She underwent vision therapy for six months at Family Eyecare Associates’ Vision and Learning Center, where is director.
Nicole Astrella, an optometric vision therapist at Family Eyecare, said vision therapy is a behavioral therapy-like approach to address vision-related learning difficulties. Therapy is tailored to meet each patient’s needs and may include use of a variety of lens, prisms, filters, computer programs, eye patches, and binocular vision devices, such as stereoscopes. The goal is to condition eyes to focus accurately and work together efficiently, which patients should be able to do effortlessly at the end of the program. Occasional follow-up visits are required.
Alaina Marks, now 16, said her once-a-week office visits and 10-minute daily vision therapy “homework” exercises made a difference.
“It helped like strengthen my eyes a lot,” she explained. “Now I can just read without messing up or missing something.”
Just recently, Alaina asked her mother to purchase her a book from C.S. Lewis'”Chronicles of Narnia” series and has been so engrossed with the story that she will recapitulate it for her mom after reading.
“I can’t tell you what that means as a parent,” Barbara Marks said. “I couldn’t have dreamed of that a couple of years ago.”
Julie Mull’s son, Derek, also underwent vision therapy to help him with eye tracking and ghost images, or double vision.
Julie Mull, of Morristown, said she first noticed that her son, who now is 14, might have had a vision problem years ago. She said he kept moving closer to the television and, after he learned to read, he would cover one eye while doing so.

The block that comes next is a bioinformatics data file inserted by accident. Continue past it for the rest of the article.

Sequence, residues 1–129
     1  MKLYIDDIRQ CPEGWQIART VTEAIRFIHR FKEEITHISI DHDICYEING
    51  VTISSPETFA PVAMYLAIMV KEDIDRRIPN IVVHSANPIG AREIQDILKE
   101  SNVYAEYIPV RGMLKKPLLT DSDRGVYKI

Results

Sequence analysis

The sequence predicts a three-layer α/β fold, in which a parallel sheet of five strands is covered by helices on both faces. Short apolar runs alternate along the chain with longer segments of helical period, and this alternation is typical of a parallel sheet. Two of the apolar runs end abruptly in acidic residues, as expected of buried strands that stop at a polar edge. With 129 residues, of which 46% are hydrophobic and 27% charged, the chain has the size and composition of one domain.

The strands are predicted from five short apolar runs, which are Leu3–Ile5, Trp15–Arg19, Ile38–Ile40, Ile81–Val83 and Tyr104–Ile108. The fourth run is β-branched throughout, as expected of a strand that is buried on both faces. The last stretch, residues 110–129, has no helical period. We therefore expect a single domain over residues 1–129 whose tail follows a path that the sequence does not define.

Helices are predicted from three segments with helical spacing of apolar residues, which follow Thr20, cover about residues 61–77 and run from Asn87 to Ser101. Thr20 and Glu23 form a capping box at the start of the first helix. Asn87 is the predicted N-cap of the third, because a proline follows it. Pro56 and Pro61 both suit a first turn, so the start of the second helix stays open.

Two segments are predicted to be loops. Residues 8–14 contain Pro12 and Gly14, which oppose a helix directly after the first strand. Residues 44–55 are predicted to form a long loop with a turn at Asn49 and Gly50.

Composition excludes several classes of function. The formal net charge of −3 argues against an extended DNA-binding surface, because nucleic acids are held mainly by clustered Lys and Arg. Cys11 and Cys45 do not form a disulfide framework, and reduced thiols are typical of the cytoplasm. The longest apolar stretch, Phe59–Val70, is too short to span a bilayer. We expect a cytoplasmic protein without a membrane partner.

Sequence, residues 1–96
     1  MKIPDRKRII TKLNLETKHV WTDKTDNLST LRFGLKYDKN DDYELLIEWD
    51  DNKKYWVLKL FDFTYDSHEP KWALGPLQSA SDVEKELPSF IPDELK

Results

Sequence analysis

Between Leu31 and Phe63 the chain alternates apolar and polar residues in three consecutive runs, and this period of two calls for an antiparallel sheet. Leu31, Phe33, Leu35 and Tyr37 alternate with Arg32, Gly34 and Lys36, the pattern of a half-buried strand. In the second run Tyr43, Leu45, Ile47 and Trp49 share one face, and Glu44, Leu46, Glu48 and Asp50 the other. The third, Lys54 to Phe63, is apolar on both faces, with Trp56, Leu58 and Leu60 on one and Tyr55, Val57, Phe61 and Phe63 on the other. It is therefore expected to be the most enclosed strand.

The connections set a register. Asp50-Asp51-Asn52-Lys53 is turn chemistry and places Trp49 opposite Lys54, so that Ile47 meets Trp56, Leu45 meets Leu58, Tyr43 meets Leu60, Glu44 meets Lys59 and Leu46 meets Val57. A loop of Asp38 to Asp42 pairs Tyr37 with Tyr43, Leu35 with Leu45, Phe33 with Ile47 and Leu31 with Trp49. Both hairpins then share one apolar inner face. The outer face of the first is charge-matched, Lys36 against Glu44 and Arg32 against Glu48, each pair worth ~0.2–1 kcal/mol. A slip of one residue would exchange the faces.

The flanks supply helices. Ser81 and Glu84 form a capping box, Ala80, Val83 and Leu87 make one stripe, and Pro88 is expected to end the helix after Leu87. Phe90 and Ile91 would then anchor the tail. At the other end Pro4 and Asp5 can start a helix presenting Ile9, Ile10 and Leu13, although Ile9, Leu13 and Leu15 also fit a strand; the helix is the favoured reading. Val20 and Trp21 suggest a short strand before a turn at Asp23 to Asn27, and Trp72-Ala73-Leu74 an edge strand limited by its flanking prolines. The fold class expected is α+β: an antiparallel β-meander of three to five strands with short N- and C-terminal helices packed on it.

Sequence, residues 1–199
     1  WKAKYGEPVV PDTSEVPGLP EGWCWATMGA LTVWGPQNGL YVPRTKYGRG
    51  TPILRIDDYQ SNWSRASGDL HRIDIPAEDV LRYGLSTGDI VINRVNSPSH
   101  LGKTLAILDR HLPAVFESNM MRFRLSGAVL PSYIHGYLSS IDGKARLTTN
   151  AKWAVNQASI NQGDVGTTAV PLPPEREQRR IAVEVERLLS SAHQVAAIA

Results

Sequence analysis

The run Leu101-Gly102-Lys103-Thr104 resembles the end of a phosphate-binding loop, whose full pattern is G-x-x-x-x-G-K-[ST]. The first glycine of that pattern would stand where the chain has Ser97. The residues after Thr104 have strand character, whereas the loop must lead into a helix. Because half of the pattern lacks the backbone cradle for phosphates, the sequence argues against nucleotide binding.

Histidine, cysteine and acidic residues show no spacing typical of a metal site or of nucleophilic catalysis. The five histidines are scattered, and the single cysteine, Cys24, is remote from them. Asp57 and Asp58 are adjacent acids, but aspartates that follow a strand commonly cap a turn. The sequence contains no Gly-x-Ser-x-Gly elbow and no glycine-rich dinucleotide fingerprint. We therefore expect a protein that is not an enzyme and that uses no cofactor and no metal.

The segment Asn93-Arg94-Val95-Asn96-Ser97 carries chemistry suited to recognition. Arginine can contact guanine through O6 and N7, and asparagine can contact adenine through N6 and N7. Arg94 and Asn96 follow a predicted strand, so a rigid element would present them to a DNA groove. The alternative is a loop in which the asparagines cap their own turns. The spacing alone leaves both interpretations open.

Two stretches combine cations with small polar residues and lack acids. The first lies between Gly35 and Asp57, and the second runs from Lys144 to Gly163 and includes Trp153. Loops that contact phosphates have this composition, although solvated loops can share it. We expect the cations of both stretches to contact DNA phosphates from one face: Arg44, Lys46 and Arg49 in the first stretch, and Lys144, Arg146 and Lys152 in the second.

“I’d ask, ‘What hurts?’ and he’d say, ‘Nothing,'” she recalled. “I could never tell anything else was wrong.”
When Derek Mull’s vision was tested in kindergarten, Julie Mull learned that he had some trouble tracking but was told that it wouldn’t be a problem until later.
Around second grade, Mull had vision therapy with Viviano. His mom said she tried it despite protest from another eye care professional.
“Someone did say to me ‘You can do that for years and years and years and never get anywhere, never see any improvement,’ but I disagree,” she said.
She said such therapy has been beneficial, improving his eyes and his behavior.
“There have been periods of time when teachers ask, ‘What’s changed?’ and I don’t realize it until later on,” she said.
“There are gray times when he may not be behaving so well in school, he loses focus easier, he’s distracted by other kids more easily, but towards the end of the year it falls back into place for him,” she added.
Mull said her son still experiences difficulties, so he is continuing vision therapy. After a break from it during the summer, it resumes next month with a West Orange-based physician who specializes in sensory-motor vision therapy.
Though vision therapy is not covered by health insurance, she considers the expense worthwhile.
“I think it helped him maybe in ways we cannot measure,” Mull said. “It’s all worth it because it will improve his quality of life.”